We’ve all heard horror stories of a malfunction causing an elevator to plunge into freefall like the Tower of Terror ride at Disney World. An incident supposedly like this occurred in November 2018 at Chicago's fourth-tallest building. Six people were reportedly stuck after the elevator at the former John Hancock Center in Chicago "plunged" from the 95th floor to the lobby on the 11th floor.
There have also been reports of people dying due to the elevator rapidly shooting upwards numerous stories in the shaft as a result of cables breaking and the counterweight malfunctioning.
How many elevator accidents are there per year?
Rest assured, it’s unbelievably rare for an elevator to break in this way.
Countless elevator hops are made every day around the globe and fatal incidences are relatively low. Given the number of people who travel in these contraptions daily, they can be considered one of the safer modes of transport.
Accidents involving elevators, as well as escalators, kill around 30 and seriously injure about 17,000 people each year in the US, according to data cited by the Centers for Disease Control and Prevention (CDC). Just under half of those deaths involve people working on the machines getting stuck in between moving parts or down the shaft.
Incidents where the elevator cables snap and the carriage dramatically falls or shoots upwards are practically undocumented in recent years, according to official statistics from the US.
What happens if an elevator cable breaks?
One of the main reasons behind the relative safety of elevators is that they rely on a number of steel cables, often between four and eight. If one fails, the others will still be able to hold the elevator. These cables are designed to sustain the weight of several fully packed cars, so the risk of the cables snapping due to a heavily loaded car alone is very unlikely.
Even if multiple cables snap in a freak incident, elevators are fitted with layers of further precautions that can protect travelers.
Many of these are credited to the godfather of modern elevators, Elisha Otis, an American industrialist who developed a safety device in the 19th century that prevents elevators from falling if the hoisting cable fails. If you look around in most modern elevators, you’ll notice many of them are still made by OTIS, the company founded by Elisha.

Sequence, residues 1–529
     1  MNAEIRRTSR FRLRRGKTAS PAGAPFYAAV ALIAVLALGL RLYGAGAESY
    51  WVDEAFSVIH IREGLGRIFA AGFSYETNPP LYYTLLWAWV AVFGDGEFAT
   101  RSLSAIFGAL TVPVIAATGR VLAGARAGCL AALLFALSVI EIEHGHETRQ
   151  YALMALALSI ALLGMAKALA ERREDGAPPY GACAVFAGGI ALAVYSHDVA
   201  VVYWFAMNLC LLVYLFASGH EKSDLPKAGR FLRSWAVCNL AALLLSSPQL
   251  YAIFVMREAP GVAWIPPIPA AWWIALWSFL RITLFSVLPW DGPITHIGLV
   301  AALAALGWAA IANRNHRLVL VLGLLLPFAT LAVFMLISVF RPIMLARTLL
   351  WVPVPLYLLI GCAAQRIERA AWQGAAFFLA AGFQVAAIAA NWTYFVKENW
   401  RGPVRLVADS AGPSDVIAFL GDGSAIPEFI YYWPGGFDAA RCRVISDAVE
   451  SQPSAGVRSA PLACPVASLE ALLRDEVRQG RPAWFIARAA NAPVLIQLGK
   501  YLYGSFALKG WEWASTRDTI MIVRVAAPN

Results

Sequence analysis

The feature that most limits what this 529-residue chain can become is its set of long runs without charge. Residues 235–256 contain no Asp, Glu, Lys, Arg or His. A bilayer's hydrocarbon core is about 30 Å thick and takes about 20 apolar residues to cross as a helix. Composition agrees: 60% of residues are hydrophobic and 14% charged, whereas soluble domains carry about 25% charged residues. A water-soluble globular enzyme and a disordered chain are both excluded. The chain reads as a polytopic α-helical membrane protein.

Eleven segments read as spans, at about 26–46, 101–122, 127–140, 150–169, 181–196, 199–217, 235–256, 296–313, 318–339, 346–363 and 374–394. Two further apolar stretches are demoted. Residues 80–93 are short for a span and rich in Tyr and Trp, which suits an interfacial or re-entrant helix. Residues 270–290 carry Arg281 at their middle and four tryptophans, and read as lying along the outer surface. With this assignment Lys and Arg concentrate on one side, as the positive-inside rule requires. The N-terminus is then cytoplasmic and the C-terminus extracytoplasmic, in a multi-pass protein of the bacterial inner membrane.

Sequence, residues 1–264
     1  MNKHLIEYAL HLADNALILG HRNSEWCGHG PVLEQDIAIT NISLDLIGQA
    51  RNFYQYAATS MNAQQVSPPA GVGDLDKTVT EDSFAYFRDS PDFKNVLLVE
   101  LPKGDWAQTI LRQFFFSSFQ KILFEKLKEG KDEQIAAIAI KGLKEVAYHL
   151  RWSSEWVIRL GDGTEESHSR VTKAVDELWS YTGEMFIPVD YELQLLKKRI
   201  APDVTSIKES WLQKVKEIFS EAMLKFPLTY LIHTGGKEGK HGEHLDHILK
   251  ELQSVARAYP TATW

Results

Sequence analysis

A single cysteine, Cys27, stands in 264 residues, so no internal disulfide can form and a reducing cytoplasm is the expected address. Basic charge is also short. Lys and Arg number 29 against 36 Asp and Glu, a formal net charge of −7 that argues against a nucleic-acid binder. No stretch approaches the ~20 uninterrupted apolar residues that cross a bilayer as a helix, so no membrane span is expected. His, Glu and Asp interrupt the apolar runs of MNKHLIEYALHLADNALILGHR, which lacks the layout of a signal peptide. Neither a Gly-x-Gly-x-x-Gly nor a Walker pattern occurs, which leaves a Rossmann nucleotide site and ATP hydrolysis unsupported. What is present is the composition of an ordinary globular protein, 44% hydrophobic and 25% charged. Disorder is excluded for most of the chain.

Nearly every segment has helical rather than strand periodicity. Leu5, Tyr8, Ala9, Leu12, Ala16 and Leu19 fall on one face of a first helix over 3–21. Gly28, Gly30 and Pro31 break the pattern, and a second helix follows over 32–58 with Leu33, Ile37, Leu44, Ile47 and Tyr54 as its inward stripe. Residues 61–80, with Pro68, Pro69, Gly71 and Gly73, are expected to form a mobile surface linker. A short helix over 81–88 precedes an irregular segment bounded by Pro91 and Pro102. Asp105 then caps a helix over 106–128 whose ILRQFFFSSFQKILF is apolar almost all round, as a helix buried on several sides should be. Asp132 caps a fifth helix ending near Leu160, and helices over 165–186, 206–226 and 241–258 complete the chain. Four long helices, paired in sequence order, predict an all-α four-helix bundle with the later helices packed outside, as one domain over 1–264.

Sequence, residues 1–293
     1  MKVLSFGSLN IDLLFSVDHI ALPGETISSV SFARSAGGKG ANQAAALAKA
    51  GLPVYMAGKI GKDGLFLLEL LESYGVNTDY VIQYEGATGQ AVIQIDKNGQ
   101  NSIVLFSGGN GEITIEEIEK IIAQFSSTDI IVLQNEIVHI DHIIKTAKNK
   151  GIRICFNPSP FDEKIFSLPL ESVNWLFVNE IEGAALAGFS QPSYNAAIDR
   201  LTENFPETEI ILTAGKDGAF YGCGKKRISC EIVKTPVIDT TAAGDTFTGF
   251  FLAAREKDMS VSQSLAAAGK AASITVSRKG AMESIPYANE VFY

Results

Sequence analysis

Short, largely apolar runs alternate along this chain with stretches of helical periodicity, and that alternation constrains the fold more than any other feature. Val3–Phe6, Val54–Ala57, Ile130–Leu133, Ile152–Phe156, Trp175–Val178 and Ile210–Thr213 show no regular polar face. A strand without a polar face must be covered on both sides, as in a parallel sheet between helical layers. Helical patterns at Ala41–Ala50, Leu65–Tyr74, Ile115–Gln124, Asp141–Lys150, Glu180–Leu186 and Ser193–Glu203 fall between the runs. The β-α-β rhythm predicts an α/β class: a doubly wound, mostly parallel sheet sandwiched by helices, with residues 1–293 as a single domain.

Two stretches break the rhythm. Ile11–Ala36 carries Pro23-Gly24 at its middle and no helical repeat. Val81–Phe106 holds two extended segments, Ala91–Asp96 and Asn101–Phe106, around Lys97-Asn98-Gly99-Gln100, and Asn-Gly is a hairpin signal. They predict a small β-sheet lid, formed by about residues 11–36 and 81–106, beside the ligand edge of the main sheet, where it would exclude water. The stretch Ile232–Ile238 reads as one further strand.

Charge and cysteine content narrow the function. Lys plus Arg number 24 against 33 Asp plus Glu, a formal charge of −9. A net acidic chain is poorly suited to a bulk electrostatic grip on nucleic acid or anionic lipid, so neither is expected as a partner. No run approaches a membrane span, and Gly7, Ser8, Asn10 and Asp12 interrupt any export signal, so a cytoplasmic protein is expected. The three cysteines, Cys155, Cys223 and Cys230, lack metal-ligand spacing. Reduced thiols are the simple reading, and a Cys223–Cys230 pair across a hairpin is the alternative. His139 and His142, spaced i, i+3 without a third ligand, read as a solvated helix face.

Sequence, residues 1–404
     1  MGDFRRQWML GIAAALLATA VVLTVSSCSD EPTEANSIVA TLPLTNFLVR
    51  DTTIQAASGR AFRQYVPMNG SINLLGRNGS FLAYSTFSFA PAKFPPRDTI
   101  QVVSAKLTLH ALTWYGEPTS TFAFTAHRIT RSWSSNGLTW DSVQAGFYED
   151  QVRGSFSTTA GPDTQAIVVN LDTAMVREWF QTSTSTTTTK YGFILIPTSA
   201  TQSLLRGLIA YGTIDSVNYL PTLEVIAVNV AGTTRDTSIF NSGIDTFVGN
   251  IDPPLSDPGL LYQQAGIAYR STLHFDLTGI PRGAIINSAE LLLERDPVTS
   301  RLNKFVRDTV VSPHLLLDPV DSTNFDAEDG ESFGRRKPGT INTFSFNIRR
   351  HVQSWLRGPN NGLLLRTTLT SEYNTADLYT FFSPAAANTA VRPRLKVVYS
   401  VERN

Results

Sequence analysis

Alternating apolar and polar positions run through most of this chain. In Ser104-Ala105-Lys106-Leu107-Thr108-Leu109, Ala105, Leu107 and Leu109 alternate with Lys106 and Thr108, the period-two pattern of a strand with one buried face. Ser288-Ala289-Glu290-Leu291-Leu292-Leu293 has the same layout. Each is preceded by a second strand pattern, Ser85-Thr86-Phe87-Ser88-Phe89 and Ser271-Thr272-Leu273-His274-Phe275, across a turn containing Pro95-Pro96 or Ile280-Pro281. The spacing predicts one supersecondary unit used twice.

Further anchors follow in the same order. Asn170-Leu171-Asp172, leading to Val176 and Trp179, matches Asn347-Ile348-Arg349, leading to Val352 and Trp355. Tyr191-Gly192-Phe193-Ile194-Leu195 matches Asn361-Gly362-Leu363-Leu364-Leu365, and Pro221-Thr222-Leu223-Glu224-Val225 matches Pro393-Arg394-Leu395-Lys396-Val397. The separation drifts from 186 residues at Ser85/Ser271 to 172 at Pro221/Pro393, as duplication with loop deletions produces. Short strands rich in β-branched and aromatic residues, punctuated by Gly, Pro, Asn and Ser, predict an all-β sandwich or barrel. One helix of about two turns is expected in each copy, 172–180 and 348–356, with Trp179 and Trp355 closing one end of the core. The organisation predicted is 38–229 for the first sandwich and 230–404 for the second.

First is an electronic brake, as per Washington Post. In many modern lift designs, sensors can detect that the car is speeding downward and it can eject a metal brake from underneath the elevator car that slots into guide rails running down the shift.
If there’s a power cut, an electronic-released brake can spring into action. Many elevators feature a clamp that has a resting position closed tightly on the pulley above the car. Cleverly, this type of brake is always clamped down unless power is supplied to release it, meaning it will mechanically put brakes on the pulley in the absence of electricity.
On top of the brakes, then there are counterweights that are attached to the opposite ends of the cables hooked up to the car. These counterweights are generally slightly heavier than an empty car and slightly lighter than a full car. Even in the absence of any braking system, this counterweight should assure that the car will gently ascend if it's empty or not full, while gently descending if the car is full.
Hydraulic shock absorbs are often placed at the top and bottom of the shaft to help make this rise or fall slightly gentler too.
Despite all of these layers of safety, accidents evidently can happen. However, it appears that most of these accidents are the result of human error and tampering, rather than a purely mechanical fault with the elevator.
As for the 2018 incident in Chicago, it’s clear that many of the safety precautions did fall into place. That’s why the six people in the falling elevator car managed to descend 84 stories without sustaining serious injuries. If the car did free-fall this distance, then it would be almost certain that anyone inside would not have made it out alive.
According to an investigation into the incident, just one of the elevator’s seven cables reportedly broke. The fall, it concluded, was actually a “gradual lowering” followed by a “controlled stop a few floors below." Media reports that the car "plunged" 84 floors were overstated and misleading, it added.